STEP THREE: Base Lettering and Outline
Add your first layer of lettering to the sign by freehand or using stencils with a pencil. Then go over the pencil with a contrasting acrylic paint color. This color will be prominent in your sign so make sure it’s one you want to highlight.
I chose blue and then outlined the letters of “LODGE” in black for additional contrast.
STEP FOUR: Remove Random Layers of Paint
Once your paint has dried, cover the entire board with strips of painter’s tape. Press the tape firmly in place and then remove it all in one strip. This technique will allow for further weathering in the next step.
STEP FIVE: Faux Weathered Effect
Use a putty knife to chip away additional pieces of the accent layer. Press lightly and move the knife against the grain of the exposed paint stripes created by the previous step. This technique should remove your accent layer of paint in a way that looks like it’s been chipped off over time. Remember to remove some of the paint on the lettering as well in order to create additional weathered effect.
STEP SIX: Final Background Color
Carefully paint the entire sign with the color you wish to use as your background. Use caution to paint around your lettering so as to not cover it entirely. You can leave portions around your lettering exposed to the accent color for a more realistic look.
STEP SEVEN: Accent Lettering Base
Using a pencil, sketch your lettering by freehand. This will give a more authentic look. Then trace your sketch with your final accent color for contrast. I used red in order to contrast against both the blue and the yellow.
STEP EIGHT: Dimension
Add dimension to your accent lettering by painting a shadow in black around the bottom and left sides of the lettering. This will make your sign legible from farther away which is particularly important if you plan to use this as porch decor.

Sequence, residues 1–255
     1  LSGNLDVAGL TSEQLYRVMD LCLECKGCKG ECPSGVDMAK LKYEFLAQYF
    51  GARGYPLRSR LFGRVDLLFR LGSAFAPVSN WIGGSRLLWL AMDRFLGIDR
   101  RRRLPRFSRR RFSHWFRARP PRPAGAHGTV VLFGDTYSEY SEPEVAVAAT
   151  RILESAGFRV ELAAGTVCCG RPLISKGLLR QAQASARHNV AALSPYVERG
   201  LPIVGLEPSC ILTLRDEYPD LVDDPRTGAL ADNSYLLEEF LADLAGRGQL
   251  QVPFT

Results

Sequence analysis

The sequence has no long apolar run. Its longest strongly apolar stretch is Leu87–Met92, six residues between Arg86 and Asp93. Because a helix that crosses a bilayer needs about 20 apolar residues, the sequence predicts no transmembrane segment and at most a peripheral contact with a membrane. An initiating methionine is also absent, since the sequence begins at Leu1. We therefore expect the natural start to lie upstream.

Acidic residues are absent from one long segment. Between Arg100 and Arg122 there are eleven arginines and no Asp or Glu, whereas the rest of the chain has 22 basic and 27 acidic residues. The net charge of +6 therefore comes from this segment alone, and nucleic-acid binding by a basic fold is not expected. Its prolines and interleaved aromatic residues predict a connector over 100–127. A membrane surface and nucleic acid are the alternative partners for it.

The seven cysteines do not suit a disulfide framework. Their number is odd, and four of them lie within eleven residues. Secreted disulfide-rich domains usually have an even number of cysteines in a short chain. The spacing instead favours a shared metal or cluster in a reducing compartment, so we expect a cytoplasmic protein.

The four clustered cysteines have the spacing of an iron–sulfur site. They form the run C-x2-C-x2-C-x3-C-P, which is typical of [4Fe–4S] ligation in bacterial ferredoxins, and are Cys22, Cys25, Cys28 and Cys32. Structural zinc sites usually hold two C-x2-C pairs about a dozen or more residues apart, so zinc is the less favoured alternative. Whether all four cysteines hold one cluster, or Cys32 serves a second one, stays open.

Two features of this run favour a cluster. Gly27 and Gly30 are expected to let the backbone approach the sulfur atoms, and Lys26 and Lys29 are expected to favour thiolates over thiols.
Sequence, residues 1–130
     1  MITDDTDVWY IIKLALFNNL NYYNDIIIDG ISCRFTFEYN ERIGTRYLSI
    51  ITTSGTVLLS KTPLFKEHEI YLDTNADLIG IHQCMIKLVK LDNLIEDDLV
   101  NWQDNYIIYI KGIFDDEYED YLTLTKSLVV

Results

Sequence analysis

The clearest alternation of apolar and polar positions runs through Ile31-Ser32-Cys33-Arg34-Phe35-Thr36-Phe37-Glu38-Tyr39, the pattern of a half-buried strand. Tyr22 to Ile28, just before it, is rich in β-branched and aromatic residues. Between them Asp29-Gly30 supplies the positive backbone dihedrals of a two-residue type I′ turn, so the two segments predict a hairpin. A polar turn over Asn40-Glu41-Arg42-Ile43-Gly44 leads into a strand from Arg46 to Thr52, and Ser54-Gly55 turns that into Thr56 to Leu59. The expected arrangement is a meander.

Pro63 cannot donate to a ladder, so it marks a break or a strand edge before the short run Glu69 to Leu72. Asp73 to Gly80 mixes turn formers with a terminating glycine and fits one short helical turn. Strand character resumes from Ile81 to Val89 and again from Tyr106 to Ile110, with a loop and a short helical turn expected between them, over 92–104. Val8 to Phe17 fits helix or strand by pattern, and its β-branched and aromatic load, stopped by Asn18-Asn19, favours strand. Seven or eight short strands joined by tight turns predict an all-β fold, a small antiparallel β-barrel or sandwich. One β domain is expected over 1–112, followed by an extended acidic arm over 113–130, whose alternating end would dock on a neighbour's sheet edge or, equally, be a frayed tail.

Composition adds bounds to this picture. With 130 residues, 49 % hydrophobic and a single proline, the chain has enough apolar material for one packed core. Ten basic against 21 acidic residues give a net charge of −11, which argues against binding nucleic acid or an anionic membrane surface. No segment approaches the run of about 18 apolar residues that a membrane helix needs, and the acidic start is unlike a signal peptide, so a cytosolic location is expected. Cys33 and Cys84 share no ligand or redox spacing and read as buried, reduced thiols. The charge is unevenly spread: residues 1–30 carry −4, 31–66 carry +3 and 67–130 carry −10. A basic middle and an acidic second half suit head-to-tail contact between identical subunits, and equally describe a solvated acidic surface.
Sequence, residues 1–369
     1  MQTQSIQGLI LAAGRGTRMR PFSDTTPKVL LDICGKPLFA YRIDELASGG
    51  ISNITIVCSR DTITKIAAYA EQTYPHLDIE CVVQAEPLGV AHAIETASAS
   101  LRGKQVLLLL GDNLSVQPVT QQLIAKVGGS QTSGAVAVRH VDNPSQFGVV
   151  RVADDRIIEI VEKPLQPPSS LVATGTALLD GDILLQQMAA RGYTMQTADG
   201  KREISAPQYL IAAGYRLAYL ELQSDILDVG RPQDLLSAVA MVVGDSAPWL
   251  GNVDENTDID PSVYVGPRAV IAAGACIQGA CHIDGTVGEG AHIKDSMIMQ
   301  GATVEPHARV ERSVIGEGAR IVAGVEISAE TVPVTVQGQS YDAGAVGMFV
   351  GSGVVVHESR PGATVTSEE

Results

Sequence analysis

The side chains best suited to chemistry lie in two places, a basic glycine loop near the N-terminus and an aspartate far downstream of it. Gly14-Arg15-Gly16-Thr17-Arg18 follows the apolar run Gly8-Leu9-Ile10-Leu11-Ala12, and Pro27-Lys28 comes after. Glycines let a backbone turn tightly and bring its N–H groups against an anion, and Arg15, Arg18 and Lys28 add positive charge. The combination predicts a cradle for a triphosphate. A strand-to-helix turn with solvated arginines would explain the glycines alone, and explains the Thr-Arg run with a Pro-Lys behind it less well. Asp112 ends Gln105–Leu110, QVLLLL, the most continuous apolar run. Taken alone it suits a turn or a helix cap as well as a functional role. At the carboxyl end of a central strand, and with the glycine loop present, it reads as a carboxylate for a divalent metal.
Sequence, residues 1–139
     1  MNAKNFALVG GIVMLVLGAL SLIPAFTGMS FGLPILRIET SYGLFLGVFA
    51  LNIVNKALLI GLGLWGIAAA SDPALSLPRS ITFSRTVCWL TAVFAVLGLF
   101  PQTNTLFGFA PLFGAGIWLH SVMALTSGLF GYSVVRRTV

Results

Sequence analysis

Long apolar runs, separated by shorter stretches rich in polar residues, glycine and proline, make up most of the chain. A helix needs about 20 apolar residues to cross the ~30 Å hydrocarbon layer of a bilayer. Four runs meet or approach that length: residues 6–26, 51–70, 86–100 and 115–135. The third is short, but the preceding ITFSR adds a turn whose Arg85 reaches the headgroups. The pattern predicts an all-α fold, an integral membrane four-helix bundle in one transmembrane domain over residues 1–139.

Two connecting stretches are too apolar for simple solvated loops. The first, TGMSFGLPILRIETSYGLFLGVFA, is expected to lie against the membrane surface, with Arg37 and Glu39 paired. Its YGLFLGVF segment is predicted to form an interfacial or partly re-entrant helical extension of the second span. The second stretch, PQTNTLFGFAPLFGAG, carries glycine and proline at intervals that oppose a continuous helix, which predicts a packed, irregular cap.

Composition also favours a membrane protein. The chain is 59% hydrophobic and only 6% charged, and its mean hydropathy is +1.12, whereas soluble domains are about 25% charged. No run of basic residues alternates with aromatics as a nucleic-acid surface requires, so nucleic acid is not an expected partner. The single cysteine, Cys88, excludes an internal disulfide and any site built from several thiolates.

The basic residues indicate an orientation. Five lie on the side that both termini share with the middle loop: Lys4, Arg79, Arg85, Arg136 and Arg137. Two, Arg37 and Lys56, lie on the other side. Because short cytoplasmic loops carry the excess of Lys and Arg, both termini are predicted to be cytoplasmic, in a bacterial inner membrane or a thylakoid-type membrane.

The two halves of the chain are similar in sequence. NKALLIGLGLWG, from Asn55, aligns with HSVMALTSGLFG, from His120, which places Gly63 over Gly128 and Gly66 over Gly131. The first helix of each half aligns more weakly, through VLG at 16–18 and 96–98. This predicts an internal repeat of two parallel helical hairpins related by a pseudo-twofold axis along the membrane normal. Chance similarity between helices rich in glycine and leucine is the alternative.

HANGING YOUR VINTAGE SIGN
I installed my sign on the front porch with a piece of chain. In order to do this, I drilled a small pilot hole in the top of the sign with a 3/16 drill bit. Then I placed a bead of gorilla glue into the hole and screwed the cup hooks in place before it dried.
The result was a sturdy sign that stayed in place on my porch all winter long!
Since the decor wasn’t overtly Christmas-themed, I left my porch decor in place until February.
I hope this helps inspire you to make your own Vintage Sign. Remember to pin this post on Pinterest so you can refer to it later. Just hover over the image below and click the little red P button.
I’ll be back soon with more ideas for decorating for the holidays. Until then, stay safe and sane. xoxo
RENOVATING HISTORIC HOMES ON A BUDGET ISN’T EASY
BUT I’M HERE TO HELP.
Commenting on this post is disabled so I can focus on our upcoming projects + client designs but that doesn’t mean that I don’t want to hear from you. Send me your questions and comments on Instagram by either commenting on my latest post or sending me a direct message. I really love to chat it out!
NEED MORE HOME IDEAS + INSPIRATION?
THESE ARE THE MOST POPULAR THIS WEEK:
YOU’RE MISSING OUT 🙁
Not all my updates are big enough to warrant an entire blog post.
To make sure you never miss a single DIY project or great deal, sign up for my weekly newsletter:
I won’t share your information with anyone. Ever. I promise.
* this site contains affiliate links + advertising*
I get a commission when you buy through my links that goes towards the costs of hosting this free tutorial site.
Site operating fees are expensive but my commission costs you nothing. thanks for your support!